Students choosing the portfolio option for completion of their degree are required to develop a portfolio of selected work from their program, take a written comprehensive exam, and pass an oral defense of their portfolio and written comprehensive exam (with focus on the portfolio). (For more information about the written comprehensive exam, please see MARC Written Comprehensive Exam: Objectives and Procedures.) Students must include at least 10 pages of new work—work written specifically for the portfolio—and a reflective introduction. The reflective introduction must be a minimum of 3 pages and may count toward the 10 pages of new work. Other new work may include a teaching philosophy (if relevant), introductions to and reflections on individual pieces in the portfolio, revisions of previous work, etc. Students will work closely with their portfolio/exam committee to decide on what will constitute “new work” for the portfolio.
The portfolio provides you the opportunity to select and showcase your writing ability and “best work” in the program. The portfolio might also include written work that represents areas of expertise or interest you have developed while in the MARC program or “themes” that emerged when you examined your work as a whole. In addition, you will write a reflective introduction to the portfolio that demonstrates your ability to think carefully and critically about your work in the program.
Alan Purves explains the writing portfolio this way: “Think of the portfolio as a museum of you, or as your self portrait. It will show the world the variety of things you know, are interested in, puzzled or intrigued by; the variety of things you can do; and the variety of things you have done.” In other words, the portfolio represents an argument about you as a writer, your writing process, your journey through the MA program in Rhetoric and Composition, and the quality of your written work.
Students sign up for the portfolio course (ENG 5390: Independent Study) during their last semester in the program; however students should determine their portfolio committee in the semester prior to enrollment in ENG 5390: Independent Study. Portfolio/exam committees are made up of three graduate faculty: one director and two readers. The director and one of the readers must be graduate faculty in the MARC programs.
Students work closely with their committee to determine which writing projects should be included in the portfolio, as well as to write the reflective introduction and other new documents specifically for the portfolio. Students must observe the following requirements for inclusion of projects in the portfolio:
Reflective introductions should demonstrate your ability to think carefully and critically about your work in the program: What have you learned? How have you learned? What changes have occurred in your perspectives? Who are you as a learner, teacher, researcher, and writer now that you’ve completed your program? Your reflective introduction should also provide readers with a “map” of the portfolio itself. You should identify what documents readers will find in the actual portfolio, the order in which they will find these documents, and your rationale for organizing documents in this particular way.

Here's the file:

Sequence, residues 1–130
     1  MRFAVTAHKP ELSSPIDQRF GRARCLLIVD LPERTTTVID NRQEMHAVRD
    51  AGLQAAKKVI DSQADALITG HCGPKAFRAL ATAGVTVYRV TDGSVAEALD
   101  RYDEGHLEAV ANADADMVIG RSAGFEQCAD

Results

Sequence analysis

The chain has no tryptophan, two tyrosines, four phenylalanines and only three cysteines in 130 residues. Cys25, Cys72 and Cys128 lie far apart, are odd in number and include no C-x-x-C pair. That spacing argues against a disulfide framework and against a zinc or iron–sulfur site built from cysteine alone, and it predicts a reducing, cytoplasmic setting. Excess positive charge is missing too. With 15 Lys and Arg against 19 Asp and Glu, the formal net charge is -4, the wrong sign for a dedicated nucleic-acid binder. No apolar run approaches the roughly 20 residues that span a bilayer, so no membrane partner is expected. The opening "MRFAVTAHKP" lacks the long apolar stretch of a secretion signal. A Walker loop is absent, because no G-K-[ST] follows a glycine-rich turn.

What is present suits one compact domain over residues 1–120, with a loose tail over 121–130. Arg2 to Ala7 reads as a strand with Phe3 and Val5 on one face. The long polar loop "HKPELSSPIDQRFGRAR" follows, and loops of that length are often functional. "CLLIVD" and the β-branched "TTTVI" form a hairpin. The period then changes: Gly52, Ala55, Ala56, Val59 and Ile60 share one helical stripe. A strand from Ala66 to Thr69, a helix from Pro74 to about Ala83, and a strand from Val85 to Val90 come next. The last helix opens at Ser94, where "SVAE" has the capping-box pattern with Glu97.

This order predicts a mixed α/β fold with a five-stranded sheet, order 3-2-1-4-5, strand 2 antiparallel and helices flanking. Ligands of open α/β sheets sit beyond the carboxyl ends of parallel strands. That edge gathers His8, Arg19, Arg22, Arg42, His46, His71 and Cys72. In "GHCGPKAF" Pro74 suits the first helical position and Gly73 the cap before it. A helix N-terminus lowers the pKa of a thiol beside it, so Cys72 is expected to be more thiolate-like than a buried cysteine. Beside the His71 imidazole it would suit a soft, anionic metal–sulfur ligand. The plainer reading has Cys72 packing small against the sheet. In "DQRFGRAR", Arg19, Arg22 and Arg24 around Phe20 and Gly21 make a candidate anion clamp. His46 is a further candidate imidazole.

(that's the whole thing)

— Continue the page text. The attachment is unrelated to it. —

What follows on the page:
The portfolio itself should be professional in appearance and easy for readers to use. You should place documents in some kind of binder and consider using dividers for individual pieces of writing. You should also provide readers with a table of contents, as well as a cover page for each document that includes the title of the document and brief description of who the document was written for, what class the document was written for, and when the document was written.
You will work closely with your committee to develop and revise the portfolio throughout the semester. You will then submit the final portfolios to committee members at least 1 ½ weeks before the scheduled oral defense (see details below). (Remember: you will also be writing your comprehensive exam during this same time as well. The oral defense cannot be held until you have submitted both the final portfolio and the written comprehensive exam.)
You are responsible for knowing and meeting deadlines associated with completion of MA comprehensive exams and application for graduation. Please consult the Graduate College website for information about these deadlines. Oral Defense
All students completing the thesis or portfolio options must schedule and pass a one-hour oral defense. The oral defense is designed to give students and their committee members the opportunity to discuss the students’ culminating project—the thesis or the portfolio and written comprehensive exam. While the oral defense of the portfolio and written comprehensive exam will focus primarily on the portfolio, students should be prepared to answer questions about their coursework in the program, as well as any additional questions committee members might have about the written comprehensive exam responses.
Students who choose the portfolio option for completion of their degree must, in addition to satisfying requirements for the portfolio, take and pass a written comprehensive exam. The written comprehensive exam will be comprised of three questions: two questions will cover core competencies in the program—rhetorical theory, composition theory, composition pedagogy, and research methods; the third question will cover the students’ area of specialization. Students will develop their own questions for the exam in consultation with their committees. Students will use the MARC Comprehensive Exam Reading List to develop two questions covering core competencies in the field. They will develop their own reading list for their area of specialization and develop one exam question covering this specialization. Students will take the exam at home over a 72-hour period.